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Neurobiol Dis. 2019 Apr;124:340-352. doi: 10.1016/j.nbd.2018.12.002. Epub 2018 Dec 4.

Muscle specific kinase (MuSK) activation preserves neuromuscular junctions in the diaphragm but is not sufficient to provide a functional benefit in the SOD1G93A mouse model of ALS.

Author information

1
Departments of Neuroscience, Genentech, South San Francisco, CA, USA.
2
Departments of Biomedical Imaging, Genentech, South San Francisco, CA, USA.
3
Departments of Microchemistry, Proteomics, and Lipidomics, Genentech, South San Francisco, CA, USA.
4
Departments of Preclinical and Translational Pharmacokinetics, Genentech, South San Francisco, CA, USA.
5
Departments of Pathology, Genentech, South San Francisco, CA, USA.
6
Departments of Antibody Discovery, Genentech, South San Francisco, CA, USA.
7
Departments of Neuroscience, Genentech, South San Francisco, CA, USA. Electronic address: easton.amy@gene.com.

Abstract

Amyotrophic lateral sclerosis (ALS), a neurodegenerative disease affecting motor neurons, is characterized by rapid decline of motor function and ultimately respiratory failure. As motor neuron death occurs late in the disease, therapeutics that prevent the initial disassembly of the neuromuscular junction may offer optimal functional benefit and delay disease progression. To test this hypothesis, we treated the SOD1G93A mouse model of ALS with an agonist antibody to muscle specific kinase (MuSK), a receptor tyrosine kinase required for the formation and maintenance of the neuromuscular junction. Chronic MuSK antibody treatment fully preserved innervation of the neuromuscular junction when compared with control-treated mice; however, no preservation of diaphragm function, motor neurons, or survival benefit was detected. These data show that anatomical preservation of neuromuscular junctions in the diaphragm via MuSK activation does not correlate with functional benefit in SOD1G93A mice, suggesting caution in employing MuSK activation as a therapeutic strategy for ALS patients.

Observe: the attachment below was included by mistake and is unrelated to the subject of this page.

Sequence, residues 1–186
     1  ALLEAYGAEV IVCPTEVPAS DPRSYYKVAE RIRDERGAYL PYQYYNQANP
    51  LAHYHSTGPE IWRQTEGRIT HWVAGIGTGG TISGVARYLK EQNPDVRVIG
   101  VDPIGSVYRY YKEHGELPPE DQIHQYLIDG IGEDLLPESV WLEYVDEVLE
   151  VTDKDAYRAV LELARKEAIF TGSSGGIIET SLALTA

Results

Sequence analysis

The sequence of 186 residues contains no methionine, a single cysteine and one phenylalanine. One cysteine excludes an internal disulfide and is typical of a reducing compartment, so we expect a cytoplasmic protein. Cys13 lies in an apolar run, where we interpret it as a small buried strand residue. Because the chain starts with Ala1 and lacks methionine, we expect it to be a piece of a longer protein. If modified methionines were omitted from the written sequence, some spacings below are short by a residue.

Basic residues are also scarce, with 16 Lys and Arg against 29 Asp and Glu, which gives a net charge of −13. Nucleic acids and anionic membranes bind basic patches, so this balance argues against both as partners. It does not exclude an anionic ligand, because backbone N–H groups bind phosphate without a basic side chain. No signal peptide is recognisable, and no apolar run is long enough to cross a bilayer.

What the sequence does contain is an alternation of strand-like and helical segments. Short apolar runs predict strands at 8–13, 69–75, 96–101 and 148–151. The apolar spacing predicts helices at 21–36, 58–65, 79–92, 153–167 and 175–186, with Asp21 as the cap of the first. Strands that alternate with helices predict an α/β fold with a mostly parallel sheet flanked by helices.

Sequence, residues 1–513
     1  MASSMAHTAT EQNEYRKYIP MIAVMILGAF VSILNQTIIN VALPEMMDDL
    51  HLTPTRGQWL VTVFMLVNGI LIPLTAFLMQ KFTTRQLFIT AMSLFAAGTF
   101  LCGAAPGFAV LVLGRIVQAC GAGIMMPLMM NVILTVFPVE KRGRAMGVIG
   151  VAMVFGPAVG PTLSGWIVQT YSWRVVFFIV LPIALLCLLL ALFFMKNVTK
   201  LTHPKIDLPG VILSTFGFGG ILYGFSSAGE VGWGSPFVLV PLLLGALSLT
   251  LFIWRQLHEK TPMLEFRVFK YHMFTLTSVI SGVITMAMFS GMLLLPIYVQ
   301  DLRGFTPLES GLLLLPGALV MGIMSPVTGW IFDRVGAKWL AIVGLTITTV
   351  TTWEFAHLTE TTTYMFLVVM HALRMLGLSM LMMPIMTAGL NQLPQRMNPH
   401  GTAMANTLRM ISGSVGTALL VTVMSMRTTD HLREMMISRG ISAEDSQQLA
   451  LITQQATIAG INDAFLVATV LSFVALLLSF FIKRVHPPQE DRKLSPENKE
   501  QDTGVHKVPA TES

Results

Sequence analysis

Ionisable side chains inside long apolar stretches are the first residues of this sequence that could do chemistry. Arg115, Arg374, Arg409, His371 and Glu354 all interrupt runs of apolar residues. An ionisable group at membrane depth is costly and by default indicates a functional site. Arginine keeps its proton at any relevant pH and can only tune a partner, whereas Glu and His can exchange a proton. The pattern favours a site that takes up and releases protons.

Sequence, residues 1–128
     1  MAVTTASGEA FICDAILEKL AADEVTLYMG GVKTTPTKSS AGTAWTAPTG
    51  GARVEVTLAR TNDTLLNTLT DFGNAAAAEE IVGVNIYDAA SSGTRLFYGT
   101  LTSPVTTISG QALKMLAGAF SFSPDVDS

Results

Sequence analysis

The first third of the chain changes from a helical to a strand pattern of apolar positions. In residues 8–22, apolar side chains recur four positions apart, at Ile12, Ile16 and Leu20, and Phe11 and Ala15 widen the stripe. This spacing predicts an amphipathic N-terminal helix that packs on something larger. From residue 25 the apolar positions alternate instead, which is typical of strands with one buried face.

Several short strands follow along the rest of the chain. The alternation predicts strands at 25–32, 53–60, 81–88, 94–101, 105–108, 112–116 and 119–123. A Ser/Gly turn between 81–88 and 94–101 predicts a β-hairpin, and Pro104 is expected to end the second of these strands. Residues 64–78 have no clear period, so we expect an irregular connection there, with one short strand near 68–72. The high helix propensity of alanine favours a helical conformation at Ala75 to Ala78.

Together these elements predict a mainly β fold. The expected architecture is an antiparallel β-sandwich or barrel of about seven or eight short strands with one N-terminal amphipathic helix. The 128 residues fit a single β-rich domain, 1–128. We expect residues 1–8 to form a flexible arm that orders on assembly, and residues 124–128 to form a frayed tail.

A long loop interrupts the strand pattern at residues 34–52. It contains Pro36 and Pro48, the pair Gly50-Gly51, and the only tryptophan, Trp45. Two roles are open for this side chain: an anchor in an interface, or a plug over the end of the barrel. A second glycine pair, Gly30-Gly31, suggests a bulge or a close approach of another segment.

KEYWORDS:

Amyotrophic lateral sclerosis; Diaphragm; Motor Neuron; Muscle specific kinase (MuSK); Neuromuscular junction; Respiration; SOD1

PMID:
30528255
DOI:
10.1016/j.nbd.2018.12.002

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